Salesforce Simplifying B2B Facebook Marketing?

16 Nov

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Perhaps unjustly, Facebook has never been known as a hub for B2B lead generation. This is not for lack of potential – plenty of companies use Facebook for surfacing contact info. However, following up on that contact through automation and CRM systems required a bevy of tools that were disconnected and independent of each other. No longer – Salesforce Lead Analytics for Facebook brings the sales funnel together.

The Salesforce tool innovates by working simultaneously across Instagram (which is owned by Facebook), Facebook itself and the Facebook Audience Network, which is the official name for the Facebook ad platform. Users of the Salesforce Lead Analytics tool will enjoy a data stream that connects the first interaction of the customer all the way to the purchase. Users will also be able to connect data from upsells and resells. The dashboard will showcase the most important performance metrics that marketers need to improve campaigns, such as leads generated and total views, as well as sales performance related to ads. In addition, the proprietary Salesforce Einstein AI will give a marketer a score for each prospect after that prospect finishes with a lead form.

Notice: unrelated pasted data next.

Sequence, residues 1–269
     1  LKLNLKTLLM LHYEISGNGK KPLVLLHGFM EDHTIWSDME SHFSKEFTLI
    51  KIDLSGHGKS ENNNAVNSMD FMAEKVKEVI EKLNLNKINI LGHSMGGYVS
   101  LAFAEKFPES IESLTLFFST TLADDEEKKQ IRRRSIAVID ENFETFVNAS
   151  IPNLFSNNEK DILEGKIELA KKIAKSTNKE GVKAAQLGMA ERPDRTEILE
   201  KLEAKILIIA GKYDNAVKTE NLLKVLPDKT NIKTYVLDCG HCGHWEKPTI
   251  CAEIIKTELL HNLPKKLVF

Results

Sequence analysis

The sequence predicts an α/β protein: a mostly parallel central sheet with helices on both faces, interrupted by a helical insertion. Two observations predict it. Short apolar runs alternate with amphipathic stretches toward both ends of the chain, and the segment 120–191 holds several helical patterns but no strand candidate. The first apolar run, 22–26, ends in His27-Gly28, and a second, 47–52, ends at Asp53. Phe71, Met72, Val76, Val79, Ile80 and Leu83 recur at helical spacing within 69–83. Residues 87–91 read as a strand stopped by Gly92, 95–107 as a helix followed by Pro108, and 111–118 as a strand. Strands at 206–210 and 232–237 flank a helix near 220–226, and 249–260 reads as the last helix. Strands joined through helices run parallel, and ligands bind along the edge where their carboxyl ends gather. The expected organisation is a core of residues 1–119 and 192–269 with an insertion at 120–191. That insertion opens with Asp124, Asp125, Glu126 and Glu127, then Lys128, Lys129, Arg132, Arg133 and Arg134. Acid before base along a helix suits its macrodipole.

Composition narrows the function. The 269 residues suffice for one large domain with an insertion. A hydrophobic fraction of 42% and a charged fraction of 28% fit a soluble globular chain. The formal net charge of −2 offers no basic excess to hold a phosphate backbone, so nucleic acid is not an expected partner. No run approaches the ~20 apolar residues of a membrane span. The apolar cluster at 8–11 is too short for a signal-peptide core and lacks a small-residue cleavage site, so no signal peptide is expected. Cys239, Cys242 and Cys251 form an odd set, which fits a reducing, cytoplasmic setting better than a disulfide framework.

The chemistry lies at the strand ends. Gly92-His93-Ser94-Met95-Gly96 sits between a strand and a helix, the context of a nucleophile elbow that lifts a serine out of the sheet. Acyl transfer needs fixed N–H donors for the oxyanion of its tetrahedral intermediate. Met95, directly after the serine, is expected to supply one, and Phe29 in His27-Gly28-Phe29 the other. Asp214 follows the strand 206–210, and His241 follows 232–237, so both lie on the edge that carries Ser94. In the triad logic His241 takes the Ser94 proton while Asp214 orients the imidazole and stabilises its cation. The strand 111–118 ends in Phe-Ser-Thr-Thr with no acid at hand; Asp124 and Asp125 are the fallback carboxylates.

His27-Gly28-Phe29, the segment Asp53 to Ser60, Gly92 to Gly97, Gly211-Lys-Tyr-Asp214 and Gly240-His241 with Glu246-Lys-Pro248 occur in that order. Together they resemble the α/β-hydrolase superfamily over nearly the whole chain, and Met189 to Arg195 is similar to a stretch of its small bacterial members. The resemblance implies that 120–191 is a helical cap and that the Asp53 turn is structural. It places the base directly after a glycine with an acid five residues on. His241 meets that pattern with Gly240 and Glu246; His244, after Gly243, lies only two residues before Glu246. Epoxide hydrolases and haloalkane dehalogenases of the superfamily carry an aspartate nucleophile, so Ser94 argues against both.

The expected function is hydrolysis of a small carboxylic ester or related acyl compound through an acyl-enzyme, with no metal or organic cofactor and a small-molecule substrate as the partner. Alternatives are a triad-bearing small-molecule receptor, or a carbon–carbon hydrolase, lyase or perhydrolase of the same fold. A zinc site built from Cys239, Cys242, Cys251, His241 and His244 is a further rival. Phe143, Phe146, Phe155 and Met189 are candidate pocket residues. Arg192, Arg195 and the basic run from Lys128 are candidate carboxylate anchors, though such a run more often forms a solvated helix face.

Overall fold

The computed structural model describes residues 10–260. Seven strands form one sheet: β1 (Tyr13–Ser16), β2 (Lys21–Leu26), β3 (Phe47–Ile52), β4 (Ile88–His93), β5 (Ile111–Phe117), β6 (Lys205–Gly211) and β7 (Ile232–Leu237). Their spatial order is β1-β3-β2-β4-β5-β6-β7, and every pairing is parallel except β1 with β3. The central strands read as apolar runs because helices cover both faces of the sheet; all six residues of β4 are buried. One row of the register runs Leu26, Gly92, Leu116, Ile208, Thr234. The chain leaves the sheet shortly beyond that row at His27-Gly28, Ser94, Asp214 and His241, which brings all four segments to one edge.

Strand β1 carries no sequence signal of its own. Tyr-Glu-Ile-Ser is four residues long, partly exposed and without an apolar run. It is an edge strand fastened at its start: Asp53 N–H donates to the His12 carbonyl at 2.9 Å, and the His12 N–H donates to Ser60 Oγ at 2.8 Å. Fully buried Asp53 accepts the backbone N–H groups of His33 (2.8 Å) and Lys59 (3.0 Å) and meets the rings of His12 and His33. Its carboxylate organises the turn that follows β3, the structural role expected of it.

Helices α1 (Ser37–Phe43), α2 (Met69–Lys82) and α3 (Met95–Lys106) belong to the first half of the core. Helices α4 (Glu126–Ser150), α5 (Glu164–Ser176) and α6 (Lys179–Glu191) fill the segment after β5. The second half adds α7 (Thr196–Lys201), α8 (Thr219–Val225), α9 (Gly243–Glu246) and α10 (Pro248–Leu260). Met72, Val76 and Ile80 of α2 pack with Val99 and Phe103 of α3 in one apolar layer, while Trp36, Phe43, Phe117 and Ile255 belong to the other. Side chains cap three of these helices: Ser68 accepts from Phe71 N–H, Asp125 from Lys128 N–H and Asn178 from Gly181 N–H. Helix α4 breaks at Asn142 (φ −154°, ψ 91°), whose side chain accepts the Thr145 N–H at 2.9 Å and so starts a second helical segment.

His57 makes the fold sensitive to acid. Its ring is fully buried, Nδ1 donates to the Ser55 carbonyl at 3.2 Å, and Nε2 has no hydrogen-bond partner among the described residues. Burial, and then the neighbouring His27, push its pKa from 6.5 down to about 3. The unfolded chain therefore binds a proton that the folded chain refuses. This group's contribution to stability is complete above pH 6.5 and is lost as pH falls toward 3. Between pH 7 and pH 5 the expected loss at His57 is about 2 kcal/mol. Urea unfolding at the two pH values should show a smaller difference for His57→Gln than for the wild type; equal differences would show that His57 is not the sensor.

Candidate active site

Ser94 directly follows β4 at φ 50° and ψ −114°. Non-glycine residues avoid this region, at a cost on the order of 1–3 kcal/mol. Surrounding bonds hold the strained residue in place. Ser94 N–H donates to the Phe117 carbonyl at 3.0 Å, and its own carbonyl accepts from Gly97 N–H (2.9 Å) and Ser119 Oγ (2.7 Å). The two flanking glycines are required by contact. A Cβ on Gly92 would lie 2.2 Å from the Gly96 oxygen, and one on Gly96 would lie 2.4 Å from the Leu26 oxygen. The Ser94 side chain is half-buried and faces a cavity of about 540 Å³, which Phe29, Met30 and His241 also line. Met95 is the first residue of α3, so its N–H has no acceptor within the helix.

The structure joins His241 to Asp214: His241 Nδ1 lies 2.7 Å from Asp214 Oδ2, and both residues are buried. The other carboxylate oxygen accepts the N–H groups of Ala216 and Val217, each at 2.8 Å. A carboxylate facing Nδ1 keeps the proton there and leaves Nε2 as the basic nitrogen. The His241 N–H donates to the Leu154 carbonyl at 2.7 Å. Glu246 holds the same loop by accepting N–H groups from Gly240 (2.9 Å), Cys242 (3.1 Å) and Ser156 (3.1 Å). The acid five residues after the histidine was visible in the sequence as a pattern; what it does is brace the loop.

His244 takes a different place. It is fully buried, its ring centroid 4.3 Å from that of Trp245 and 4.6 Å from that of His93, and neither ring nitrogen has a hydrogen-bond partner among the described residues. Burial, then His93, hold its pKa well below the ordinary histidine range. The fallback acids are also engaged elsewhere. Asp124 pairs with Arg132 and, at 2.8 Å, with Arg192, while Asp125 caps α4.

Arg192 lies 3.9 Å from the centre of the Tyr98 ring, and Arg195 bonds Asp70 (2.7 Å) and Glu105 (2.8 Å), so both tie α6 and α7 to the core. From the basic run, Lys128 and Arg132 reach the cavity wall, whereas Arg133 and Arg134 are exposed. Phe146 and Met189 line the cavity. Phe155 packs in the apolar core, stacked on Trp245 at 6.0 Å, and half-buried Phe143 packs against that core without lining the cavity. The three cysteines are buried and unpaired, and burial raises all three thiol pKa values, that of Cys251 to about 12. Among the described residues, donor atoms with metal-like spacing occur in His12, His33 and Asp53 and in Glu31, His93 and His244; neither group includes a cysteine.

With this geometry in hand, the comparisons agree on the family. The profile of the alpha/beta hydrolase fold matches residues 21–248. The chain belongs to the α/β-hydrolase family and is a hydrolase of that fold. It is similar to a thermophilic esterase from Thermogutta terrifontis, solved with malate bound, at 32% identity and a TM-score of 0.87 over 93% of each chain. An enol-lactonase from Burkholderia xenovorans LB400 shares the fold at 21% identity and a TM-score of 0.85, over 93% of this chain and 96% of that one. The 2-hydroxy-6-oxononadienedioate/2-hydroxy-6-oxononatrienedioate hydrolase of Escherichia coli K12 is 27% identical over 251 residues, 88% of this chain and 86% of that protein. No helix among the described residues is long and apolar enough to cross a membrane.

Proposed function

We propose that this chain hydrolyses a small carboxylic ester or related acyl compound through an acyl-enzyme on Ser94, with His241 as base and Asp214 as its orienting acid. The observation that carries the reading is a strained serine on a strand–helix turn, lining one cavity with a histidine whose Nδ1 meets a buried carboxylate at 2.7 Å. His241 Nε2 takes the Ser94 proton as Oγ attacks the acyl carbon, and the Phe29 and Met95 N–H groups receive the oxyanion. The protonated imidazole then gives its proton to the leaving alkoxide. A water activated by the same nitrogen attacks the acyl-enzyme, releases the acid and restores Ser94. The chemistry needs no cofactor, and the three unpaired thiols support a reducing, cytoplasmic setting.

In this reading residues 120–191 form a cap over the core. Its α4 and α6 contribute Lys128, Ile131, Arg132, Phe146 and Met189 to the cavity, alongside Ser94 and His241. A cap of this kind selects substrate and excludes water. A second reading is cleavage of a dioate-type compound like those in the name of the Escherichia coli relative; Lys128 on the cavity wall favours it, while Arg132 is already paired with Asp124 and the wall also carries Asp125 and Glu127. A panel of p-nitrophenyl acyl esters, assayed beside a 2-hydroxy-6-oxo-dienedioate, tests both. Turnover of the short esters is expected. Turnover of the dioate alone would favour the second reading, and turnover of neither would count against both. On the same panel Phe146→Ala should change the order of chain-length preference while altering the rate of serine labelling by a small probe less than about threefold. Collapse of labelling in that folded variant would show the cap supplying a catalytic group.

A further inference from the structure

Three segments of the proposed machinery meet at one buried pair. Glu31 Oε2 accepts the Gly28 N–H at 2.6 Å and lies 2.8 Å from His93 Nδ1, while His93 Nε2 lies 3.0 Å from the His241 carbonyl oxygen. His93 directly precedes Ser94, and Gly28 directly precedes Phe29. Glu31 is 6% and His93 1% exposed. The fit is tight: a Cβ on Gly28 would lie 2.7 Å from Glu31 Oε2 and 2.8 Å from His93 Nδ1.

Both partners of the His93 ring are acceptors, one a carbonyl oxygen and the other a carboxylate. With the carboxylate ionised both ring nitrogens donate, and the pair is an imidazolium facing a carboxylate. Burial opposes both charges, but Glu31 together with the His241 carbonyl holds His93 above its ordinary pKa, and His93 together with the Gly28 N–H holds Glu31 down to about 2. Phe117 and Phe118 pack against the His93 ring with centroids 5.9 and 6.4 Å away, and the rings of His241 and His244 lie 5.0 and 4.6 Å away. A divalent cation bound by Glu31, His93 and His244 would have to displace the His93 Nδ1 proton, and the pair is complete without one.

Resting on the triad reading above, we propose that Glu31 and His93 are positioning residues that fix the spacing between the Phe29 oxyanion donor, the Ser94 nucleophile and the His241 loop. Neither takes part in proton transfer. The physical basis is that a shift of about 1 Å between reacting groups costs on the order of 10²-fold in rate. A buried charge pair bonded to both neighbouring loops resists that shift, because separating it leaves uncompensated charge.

There is plenty of other data for marketers to pick through with this new tool. Some of the other featured data includes a Pardot score rating, ad spend for campaigns, click through rates, campaign ROI and qualified leads that each campaign generates.

Salesforce is not done here. Alongside the Lead Analytics tool, the company is also bringing out the Einstein Account-Based Marketing tool. This tool will automate the connection between the sales and marketing staff. The data in both departments will now be easier to marry, streamlining execution time.

These new innovations from Salesforce have definitely come under duress. Its main competition in the CRM landscape, Microsoft, has greatly strengthened its position in the market through its soon-to-be acquisition of LinkedIn. Although Salesforce has tried to block the acquisition, the effort will likely fail. However, these new tools certainly bolster Salesforce’s position in the market, especially since they are currently on the cutting edge of technology here.

 

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The New Market for B2B Social Influencers

14 Nov